Factor V Leiden Mutation and
PT 20210 Mutation

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Also known as: Factor V Leiden mutation: Activated protein C (APC) resistance; Factor V R506Q; Prothrombin 20210 mutation: PT G20210A; factor II 20210
Formal name: Factor V Leiden mutation; Prothrombin G20210A mutation

At a Glance

Why Get Tested?

To determine whether you have an inherited gene mutation that increases your risk of developing a venous thromboembolism (blood clot)

When to Get Tested?

If you have a strong family history of thrombosis associated with these mutations; if you have unexplained thrombosis that requires further investigation

Sample Required?

A blood sample taken from a vein in your arm

Test Preparation Needed?

No test preparation is needed.

The Test Sample

What is being tested?

Factor V and prothrombin are proteins that are produced in the liver and belong to a group of proteins collectively known as coagulation factors. The coagulation factors are activated in a step-by-step process called the coagulation cascade when a blood vessel is injured. The result of the coagulation cascade is formation of a blood clot which creates a barrier at the injury site, protecting it until it heals. The coagulation cascade involves many pro-coagulant proteins (such as factor V and prothrombin) as well as many anti-coagulant proteins (such as activated protein C and protein S), which act in a coordinated manner to keep the process of blood coagulation tightly regulated.

Factor V Leiden is a variant form of the factor V protein that arises due to the presence of a common genetic point mutation, a change in one of the nucleotides on the gene that codes for the production of factor V protein. This altered Factor V Leiden protein activates normally to participate in stimulating blood coagulation, but resists being degraded by the anticoagulant activated protein C (APC) and thus remains active for longer than the wild type Factor V protein. The result of this resistance is an increased level of thrombin in the blood which is associated with a higher risk of venous thromboembolism (VTE).

The prothrombin (PT) G20210A is a variant form of prothrombin, also caused by a common genetic point mutation. PT G20210A is also associated with an increased risk of VTE. This variant does not alter the activity or the functional properties of the prothrombin protein, but is responsible for the production of higher levels of prothrombin in individuals carrying the variant.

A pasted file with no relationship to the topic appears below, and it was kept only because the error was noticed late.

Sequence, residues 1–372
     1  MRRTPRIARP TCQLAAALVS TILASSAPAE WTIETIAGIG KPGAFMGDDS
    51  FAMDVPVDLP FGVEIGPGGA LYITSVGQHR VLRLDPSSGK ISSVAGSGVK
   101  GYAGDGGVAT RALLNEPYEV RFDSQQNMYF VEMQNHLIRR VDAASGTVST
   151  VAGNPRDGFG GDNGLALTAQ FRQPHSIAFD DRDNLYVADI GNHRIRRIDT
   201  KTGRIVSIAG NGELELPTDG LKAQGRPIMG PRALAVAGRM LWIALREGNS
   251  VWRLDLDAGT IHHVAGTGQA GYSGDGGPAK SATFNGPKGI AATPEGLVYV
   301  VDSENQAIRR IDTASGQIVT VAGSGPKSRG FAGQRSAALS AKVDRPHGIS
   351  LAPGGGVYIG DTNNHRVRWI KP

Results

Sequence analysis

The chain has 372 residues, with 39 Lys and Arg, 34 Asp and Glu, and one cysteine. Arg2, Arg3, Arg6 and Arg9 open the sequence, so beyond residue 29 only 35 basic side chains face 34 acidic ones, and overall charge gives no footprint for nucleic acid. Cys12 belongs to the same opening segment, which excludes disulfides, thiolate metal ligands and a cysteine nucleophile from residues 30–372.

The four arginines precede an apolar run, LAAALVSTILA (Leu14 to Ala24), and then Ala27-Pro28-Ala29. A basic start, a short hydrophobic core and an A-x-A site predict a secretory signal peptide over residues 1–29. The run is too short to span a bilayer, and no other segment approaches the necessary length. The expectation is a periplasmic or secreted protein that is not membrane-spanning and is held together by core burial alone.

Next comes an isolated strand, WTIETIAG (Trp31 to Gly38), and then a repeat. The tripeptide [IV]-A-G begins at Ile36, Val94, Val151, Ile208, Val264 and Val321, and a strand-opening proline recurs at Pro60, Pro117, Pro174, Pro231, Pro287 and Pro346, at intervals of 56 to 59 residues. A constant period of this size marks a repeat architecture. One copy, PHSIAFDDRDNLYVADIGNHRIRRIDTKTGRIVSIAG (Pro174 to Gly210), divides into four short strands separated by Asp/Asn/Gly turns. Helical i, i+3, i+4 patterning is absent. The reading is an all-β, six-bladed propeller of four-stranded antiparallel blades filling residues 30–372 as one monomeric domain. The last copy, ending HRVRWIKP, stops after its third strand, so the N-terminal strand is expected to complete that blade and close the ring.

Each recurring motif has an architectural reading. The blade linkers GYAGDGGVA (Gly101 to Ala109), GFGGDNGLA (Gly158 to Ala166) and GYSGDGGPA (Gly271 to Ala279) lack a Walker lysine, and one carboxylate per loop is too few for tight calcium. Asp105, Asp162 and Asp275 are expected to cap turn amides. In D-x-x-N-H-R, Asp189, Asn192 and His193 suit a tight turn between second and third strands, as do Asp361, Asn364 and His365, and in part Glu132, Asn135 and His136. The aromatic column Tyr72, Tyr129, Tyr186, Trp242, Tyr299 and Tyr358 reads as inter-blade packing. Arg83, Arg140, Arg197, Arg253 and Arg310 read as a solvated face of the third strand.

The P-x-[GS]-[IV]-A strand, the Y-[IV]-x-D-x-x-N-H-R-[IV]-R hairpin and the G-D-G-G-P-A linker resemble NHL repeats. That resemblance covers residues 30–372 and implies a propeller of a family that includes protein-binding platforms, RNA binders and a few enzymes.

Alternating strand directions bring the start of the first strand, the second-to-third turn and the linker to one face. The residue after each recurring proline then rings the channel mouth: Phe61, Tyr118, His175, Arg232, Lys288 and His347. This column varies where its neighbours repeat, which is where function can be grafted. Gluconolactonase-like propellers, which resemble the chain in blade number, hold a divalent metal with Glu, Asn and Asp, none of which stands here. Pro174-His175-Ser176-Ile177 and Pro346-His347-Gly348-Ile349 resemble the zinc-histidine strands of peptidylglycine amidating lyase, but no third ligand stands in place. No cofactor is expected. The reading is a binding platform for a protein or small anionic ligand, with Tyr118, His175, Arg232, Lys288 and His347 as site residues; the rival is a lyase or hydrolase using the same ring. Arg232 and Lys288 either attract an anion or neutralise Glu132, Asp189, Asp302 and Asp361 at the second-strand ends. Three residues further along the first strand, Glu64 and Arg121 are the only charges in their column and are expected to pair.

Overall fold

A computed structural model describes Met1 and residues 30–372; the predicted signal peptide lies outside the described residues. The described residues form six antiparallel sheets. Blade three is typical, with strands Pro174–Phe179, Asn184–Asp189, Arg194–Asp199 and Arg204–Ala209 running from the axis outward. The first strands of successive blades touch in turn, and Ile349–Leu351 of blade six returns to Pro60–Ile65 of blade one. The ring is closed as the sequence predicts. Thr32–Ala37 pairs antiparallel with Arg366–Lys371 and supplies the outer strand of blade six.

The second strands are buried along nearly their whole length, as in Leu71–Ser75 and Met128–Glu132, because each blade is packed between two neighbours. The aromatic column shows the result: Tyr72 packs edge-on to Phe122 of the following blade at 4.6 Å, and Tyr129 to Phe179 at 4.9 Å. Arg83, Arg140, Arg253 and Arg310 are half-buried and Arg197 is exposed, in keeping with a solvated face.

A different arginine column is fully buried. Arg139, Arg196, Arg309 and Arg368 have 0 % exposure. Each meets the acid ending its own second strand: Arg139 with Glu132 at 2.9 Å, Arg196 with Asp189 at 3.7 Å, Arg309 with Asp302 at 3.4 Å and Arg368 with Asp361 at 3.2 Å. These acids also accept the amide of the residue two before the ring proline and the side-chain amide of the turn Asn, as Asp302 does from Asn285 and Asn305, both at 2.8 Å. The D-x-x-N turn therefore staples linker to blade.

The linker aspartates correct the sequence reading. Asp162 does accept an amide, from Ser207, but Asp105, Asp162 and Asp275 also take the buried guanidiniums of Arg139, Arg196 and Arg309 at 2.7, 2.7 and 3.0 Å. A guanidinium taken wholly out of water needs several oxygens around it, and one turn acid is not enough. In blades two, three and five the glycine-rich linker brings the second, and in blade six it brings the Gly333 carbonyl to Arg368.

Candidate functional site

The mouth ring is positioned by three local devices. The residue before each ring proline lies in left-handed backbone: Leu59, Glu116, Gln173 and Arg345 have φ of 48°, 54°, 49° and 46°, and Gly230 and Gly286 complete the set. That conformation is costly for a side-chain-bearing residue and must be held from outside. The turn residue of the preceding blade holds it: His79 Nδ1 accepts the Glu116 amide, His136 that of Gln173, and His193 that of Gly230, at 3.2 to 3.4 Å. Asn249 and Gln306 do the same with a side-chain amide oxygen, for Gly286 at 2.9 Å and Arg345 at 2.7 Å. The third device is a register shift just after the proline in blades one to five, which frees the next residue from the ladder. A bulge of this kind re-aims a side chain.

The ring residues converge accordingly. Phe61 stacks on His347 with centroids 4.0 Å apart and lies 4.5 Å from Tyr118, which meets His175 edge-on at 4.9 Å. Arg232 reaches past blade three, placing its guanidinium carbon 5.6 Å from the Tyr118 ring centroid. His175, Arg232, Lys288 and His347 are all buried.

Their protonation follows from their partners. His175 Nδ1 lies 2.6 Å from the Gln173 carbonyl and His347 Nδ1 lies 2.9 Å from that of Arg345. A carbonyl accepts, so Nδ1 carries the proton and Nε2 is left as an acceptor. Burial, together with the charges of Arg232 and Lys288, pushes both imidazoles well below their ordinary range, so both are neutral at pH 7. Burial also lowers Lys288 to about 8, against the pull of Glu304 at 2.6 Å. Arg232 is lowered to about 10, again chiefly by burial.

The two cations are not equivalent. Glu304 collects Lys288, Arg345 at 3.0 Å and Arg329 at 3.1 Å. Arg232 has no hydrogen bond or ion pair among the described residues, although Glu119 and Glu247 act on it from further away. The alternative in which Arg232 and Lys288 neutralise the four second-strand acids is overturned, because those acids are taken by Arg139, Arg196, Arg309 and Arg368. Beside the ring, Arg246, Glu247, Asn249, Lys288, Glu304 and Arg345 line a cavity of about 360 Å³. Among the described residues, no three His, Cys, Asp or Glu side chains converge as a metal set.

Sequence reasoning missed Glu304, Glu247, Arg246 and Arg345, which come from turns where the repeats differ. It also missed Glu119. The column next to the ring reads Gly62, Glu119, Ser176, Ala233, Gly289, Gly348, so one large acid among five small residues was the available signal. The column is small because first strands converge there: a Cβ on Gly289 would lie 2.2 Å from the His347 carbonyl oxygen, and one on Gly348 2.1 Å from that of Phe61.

Factor V Leiden is found at a high prevalence in the British Causcasian population, up to 1 in 10 individuals will carry the variant; its incidence varies among other ethnicities. An individual may carry one gene with the variant nucleotide alteration and one normal copy and they are described as ‘heterozygous for Factor V Leiden’ or they may, rarely, carry two copies of the variant gene and will be ‘homozygous for Factor V Leiden’. The risk of a person who is heterozygous for Factor V Leiden having a venous thromboembolism is increased by 5-10 fold and the risk of a person who is homozygous is increased around 80 fold. However, venous thromboembolism and its causes are complex and multiple and just because a person carries Factor V Leiden does not necessarily meant that they will have a venous thromboembolism.

Similarly, an individual with a single variant gene copy of the PT G20210A variant is heterozygous and those who carry two copies of the variant gene are described as homozygous. The affected person will have a mild to moderate increase in their thrombin production, raising their risk of developing a VTE. PT G20210A is less common in the U.K. than factor V Leiden (about 1-2% of the general population). As with Factor V Leiden, the PT G20210A variant is more prevalent in Caucasians than in those of other ethnic backgrounds. Patients who are heterozygous for PT G20210A have a 2-3 fold increased risk of venous thromboembolism. The risks of having a venous thromboembolism in those with homozygous PT G20210A have not been established due to the rarity of this occurrence.

Factor V Leiden and PT G20210A are independent mutations that are inherited separately and thus they are tested for as separate events. The testing of each is intended to identify whether or not the specific mutation is present and to determine whether the person is heterozygous or homozygous for that mutation.

How is the sample collected for testing?

The test is performed on a blood sample collected from a vein in the arm by a needle. This is a process which may be referred to as ‘venepuncture’.

NOTE: If undergoing medical tests makes you or someone you care for anxious, embarrassed, or even difficult to manage, you might consider reading one or more of the following articles: Coping with Test Pain, Discomfort, and Anxiety, Tips on Blood Testing, Tips to Help Children through Their Medical Tests, and Tips to Help the Elderly through Their Medical Tests.

Another article, Follow That Sample, provides a glimpse at the collection and processing of a blood sample and throat culture.

Is any test preparation needed to ensure the quality of the sample?

No test preparation is needed.

The Test

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NOTE: This article is based on research that utilizes the sources cited here as well as the collective experience of the Lab Tests Online Editorial Review Board. This article is periodically reviewed by the Editorial Board and may be updated as a result of the review. Any new sources cited will be added to the list and distinguished from the original sources used.